June 5, 2013
Feeling refreshed, we woke up around 8 am, made our usual breakfast and coffee. We loaded up the bikes and then headed over to the restaurant to check email and double check our route.
The night before, we decided that we were going to go to the Greek Island of Lesvos, which we actually could see off the coast of Turkey for the past couple of days. Our route through Turkey was made up on the fly and was in the opposite direction of where we were generally trying to go which is the Netherlands. We saw there was a quick ferry hop over to Lesvos a few miles south in the city of Ayvalik . We also saw the sailing schedule was such that we would really have to hustle today to make the last boat. Since we were in such a nice spot we decided it wasn’t wise to ride hard to Ayvalik and potentially miss the boat and then have to find a hotel. We unloaded the bikes and put our tent back up much to the confusion of the campground staff.
Jenny was working on the blog when I realized it was Wednesday, which is market day in Turkey. I rode into town and meandered around a while before I found a group of farmers selling cheese, eggs and produce. I bought cherries, a melon, peppers, potatoes, beans, garlic, onions, hard stinky cheese, weird shaped eggs (from chickens, confirmed after elaborate dances by both the buyer and seller), bread and some wine. The whole spread set us back less than $10.
We swam in the ocean and dried off in the sun. A Turkish man who lived in Sweden chatted with us for a while and turned out to be a really nice guy. He was really concerned that we had to identify ourselves as Americans as we traveled around the world. We haven’t had a single awkward or bad experience with this so far (with the exception of a bizarre and harmless South African born woman of Afghan descent in our hostel in Istanbul who railed against Americans in the common area as “despicable imperialists”). We reassured him that in potentially sticky situations we just said we were from Alaska, which worked well enough. If pressed further we would say, “up north near Canada”, which tended to neutralize things.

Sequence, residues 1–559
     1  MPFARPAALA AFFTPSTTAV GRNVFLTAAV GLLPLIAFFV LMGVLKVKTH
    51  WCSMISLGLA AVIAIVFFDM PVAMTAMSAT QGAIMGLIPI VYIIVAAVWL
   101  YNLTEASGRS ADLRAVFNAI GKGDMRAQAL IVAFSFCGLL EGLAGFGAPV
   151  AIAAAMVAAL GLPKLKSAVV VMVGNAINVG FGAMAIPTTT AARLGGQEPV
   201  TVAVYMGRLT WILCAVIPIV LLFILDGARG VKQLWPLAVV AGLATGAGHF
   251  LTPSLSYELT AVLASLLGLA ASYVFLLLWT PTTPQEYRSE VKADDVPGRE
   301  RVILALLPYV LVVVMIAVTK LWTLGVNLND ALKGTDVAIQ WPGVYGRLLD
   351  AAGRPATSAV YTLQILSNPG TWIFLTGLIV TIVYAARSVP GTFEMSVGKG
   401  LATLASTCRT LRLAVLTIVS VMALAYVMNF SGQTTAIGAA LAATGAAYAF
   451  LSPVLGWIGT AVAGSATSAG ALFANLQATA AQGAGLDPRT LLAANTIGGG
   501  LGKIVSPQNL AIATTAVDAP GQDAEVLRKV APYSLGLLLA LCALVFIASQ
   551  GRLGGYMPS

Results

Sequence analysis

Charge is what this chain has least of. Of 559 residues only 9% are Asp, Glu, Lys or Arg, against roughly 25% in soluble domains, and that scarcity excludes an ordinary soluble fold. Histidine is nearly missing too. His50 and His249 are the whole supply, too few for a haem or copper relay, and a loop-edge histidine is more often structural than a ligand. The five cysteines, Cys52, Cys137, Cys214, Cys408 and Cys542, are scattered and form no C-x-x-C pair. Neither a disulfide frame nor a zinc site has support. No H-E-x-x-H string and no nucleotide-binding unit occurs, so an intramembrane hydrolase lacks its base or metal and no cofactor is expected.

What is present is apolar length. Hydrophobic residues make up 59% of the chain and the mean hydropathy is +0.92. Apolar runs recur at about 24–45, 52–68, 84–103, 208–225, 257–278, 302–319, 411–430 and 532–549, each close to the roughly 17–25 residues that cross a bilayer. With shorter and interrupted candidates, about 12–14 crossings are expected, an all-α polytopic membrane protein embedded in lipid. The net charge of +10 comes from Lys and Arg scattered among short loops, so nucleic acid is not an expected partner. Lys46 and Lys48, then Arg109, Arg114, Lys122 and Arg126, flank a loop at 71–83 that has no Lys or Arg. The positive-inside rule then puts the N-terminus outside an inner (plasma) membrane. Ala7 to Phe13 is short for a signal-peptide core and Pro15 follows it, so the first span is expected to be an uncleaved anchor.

We chatted with some lovely German campers who had been coming to the site for 30 years. They were really sweet and assured us about the incredible quality of both the local air and the water. Around dark a large RV of American proportions rolled up. We weren’t really stoked by this big rig spoiling our quiet time. The inhabitants of the camper rolled out speaking to the campground owners in what sounded to us like Russian. Suddenly, two of them came over to us and started chatting. It turned out they were a group of young Latvians on vacation for two weeks in Turkey. They spoke great English and were really fun people. We ended up sharing a bottle of wine and talking with them past midnight about Latvia, Turkey, the EU, politics and all kinds of things. They were some of the most interesting and friendly people we have met on the whole trip.
We went to sleep worn out and with a plan to make a leisurely ride to the ferry and then onto a new country! Greece here we come!!